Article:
A local pastor shares a moving story about his personal hero:
You never grow too old to want or need a hero. Let me tell you a story about mine . . .
Caleb, age 21, works as a cart pusher at Meijer. He never misses work and always insists on being early. He is a devoted Star Trek fan. His loves his niece and nephews wholeheartedly. He updates his Facebook page every day with notable birthdays and death anniversaries. (He can tell you almost immediately who was born or died on your birthday.) He loves God and regularly posts at least one of the Scripture readings from the weekend church service. He is the fifth of our six children. And he was born somewhere on the autism scale.
Father’s Day last year found me guest preaching at a local church. In attendance was my wife and Caleb. In a totally unscripted moment, I felt moved to invite Caleb to join me up front during the sermon. I put my arm around him and told the congregation, “This is my hero.” I continued, “Caleb, is there anything you would like to say to the congregation.” He proceeded to give a most encouraging and Christ-centered talk. It was a moving, magical, unforgettable moment for all of us.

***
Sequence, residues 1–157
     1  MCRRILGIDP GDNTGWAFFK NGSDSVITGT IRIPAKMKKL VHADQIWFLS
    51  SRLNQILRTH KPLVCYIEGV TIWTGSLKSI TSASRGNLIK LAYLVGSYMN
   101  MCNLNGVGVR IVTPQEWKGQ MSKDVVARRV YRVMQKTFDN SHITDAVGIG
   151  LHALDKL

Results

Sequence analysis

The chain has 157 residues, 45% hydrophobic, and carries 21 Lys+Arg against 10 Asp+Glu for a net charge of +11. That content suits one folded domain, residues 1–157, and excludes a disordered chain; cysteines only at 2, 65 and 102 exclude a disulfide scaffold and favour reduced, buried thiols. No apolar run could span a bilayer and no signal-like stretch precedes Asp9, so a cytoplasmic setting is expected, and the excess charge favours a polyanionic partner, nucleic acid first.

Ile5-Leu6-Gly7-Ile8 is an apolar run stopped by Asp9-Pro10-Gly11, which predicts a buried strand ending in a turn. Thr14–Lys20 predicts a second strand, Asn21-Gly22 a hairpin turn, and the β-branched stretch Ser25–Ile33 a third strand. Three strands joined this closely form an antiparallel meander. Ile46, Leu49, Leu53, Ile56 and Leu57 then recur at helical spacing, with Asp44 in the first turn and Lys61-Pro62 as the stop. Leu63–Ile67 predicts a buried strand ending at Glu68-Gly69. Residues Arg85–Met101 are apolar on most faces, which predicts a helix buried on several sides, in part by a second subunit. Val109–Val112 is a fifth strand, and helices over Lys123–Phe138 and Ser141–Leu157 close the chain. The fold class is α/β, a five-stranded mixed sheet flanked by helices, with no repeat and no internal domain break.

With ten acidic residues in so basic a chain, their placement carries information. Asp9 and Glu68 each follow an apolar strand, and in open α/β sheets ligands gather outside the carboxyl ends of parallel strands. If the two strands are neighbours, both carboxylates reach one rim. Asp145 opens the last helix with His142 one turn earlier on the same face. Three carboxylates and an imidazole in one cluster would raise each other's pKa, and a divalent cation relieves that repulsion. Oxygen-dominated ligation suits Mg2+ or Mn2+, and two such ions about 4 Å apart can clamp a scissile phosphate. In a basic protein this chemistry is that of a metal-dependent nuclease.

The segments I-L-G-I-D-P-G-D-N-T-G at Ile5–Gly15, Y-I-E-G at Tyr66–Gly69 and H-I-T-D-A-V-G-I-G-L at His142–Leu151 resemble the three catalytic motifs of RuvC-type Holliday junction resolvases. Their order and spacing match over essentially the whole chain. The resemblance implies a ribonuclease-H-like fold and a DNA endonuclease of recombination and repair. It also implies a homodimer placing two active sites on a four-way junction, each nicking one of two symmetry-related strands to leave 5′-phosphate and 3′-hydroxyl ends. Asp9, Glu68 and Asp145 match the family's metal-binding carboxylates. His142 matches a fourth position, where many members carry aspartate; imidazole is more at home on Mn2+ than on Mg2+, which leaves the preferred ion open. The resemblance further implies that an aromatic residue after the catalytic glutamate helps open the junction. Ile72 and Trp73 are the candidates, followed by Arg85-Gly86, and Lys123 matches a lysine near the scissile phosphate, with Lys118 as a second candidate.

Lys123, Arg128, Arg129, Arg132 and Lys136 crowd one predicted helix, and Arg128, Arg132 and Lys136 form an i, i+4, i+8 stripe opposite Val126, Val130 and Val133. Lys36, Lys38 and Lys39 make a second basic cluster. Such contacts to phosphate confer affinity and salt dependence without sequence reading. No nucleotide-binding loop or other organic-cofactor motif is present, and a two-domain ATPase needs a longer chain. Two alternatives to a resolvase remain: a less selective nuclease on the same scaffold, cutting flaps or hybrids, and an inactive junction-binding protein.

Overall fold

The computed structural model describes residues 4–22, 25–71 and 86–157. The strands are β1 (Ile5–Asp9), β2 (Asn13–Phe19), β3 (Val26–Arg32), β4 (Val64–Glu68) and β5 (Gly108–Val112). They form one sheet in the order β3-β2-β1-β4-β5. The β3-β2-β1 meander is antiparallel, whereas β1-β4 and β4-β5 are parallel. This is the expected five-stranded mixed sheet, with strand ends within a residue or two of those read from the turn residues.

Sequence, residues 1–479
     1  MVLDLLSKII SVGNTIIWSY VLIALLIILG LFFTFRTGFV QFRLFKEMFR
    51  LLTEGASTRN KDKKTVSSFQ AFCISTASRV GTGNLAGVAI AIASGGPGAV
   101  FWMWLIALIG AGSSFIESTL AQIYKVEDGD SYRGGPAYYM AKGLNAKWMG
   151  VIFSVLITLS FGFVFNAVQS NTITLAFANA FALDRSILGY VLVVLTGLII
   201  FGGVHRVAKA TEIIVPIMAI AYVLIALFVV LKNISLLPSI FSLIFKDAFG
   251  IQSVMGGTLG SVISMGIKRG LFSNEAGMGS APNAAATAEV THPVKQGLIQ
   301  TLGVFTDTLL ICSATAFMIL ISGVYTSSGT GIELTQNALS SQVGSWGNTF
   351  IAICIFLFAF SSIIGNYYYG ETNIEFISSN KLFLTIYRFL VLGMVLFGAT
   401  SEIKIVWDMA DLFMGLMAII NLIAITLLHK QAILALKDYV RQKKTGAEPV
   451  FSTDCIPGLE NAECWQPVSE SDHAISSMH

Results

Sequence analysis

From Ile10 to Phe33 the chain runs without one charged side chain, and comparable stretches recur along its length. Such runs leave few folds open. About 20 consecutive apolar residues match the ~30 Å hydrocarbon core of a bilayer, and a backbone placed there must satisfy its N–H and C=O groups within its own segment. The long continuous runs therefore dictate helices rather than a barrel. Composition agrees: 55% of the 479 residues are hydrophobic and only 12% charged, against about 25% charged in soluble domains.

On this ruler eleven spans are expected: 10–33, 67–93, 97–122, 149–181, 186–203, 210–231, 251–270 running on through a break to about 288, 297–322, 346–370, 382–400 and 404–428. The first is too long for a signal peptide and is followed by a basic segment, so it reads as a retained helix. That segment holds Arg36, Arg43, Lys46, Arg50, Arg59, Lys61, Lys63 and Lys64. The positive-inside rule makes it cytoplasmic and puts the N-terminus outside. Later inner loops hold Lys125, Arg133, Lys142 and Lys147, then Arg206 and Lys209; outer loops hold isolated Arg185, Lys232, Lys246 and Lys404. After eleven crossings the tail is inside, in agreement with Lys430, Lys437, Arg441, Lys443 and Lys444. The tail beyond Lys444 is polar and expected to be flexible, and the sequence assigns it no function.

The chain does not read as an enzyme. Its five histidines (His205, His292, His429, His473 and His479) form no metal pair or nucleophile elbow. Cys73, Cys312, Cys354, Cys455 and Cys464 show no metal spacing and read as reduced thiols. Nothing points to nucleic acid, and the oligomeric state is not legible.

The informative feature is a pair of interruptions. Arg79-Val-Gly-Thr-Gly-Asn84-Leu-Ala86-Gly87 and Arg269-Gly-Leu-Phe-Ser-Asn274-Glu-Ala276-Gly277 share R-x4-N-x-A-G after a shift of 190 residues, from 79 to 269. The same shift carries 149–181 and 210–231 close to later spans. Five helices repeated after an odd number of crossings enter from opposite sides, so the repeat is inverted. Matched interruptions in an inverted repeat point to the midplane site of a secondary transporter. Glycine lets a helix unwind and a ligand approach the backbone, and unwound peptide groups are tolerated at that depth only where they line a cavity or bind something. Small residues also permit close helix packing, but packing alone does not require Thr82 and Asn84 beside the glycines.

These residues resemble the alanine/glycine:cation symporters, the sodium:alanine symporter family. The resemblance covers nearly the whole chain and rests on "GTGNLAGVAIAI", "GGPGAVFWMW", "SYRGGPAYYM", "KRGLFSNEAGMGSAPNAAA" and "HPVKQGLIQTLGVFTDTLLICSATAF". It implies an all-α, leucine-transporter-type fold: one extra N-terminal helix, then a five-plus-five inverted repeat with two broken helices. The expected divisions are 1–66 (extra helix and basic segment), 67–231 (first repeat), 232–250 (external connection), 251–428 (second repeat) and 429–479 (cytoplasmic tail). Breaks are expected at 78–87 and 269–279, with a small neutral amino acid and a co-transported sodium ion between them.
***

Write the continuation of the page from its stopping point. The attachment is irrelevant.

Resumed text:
Caleb is my hero for any number of reasons:
- He is a “Colossians 3:23-24 Person” who brings loving passion to whatever he does, connecting it all to faith in Jesus Christ.
- He genuinely cares about other people, always ready with a kind word or a hug.
- He is a faithful steward of the gifts God has given to him. His cup always is half full.
Among the lessons my hero has taught me are the following:
- “Dad” is an amazing and privileged role. Practically every other lifetime achievement or title soon becomes forgotten. Not “Dad!”
- “Calebs” exist all around me. Don’t pass up opportunities to notice and encourage people who face challenges and accomplish truly heroic things.
- Never underestimate the power of uplifting words. Caleb’s most recent project is learning to drive. Sitting next to him as he navigates a busy stretch of road, I learn how much he values and is affected by what and how I speak to him.
It’s not only dads who can recognize or be heroes to someone. Powerful, God-given opportunities exist all around us. Be a Caleb. Be a hero!